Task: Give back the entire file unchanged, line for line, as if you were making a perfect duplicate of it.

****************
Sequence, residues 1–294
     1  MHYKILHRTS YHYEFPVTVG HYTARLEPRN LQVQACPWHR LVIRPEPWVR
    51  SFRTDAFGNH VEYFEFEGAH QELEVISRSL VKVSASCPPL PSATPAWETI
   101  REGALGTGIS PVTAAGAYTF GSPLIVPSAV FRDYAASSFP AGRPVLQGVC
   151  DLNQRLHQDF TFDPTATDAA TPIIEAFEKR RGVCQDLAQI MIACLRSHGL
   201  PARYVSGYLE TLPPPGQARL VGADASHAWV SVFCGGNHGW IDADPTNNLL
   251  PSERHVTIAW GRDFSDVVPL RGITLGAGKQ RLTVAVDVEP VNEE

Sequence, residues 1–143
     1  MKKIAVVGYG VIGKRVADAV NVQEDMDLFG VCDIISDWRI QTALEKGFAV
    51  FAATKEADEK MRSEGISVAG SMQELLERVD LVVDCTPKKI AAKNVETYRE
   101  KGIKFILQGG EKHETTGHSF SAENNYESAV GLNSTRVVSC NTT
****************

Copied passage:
Sequence, residues 1–294
     1  MHYKILHRTS YHYEFPVTVG HYTARLEPRN LQVQACPWHR LVIRPEPWVR
    51  SFRTDAFGNH VEYFEFEGAH QELEVISRSL VKVSASCPPL PSATPAWETI
   101  REGALGTGIS PVTAAGAYTF GSPLIVPSAV FRDYAASSFP AGRPVLQGVC
   151  DLNQRLHQDF TFDPTATDAA TPIIEAFEKR RGVCQDLAQI MIACLRSHGL
   201  PARYVSGYLE TLPPPGQARL VGADASHAWV SVFCGGNHGW IDADPTNNLL
   251  PSERHVTIAW GRDFSDVVPL RGITLGAGKQ RLTVAVDVEP VNEE

Sequence, residues 1–143
     1  MKKIAVVGYG VIGKRVADAV NVQEDMDLFG VCDIISDWRI QTALEKGFAV
    51  FAATKEADEK MRSEGISVAG SMQELLERVD LVVDCTPKKI AAKNVETYRE
   101  KGIKFILQGG EKHETTGHSF SAENNYESAV GLNSTRVVSC NTT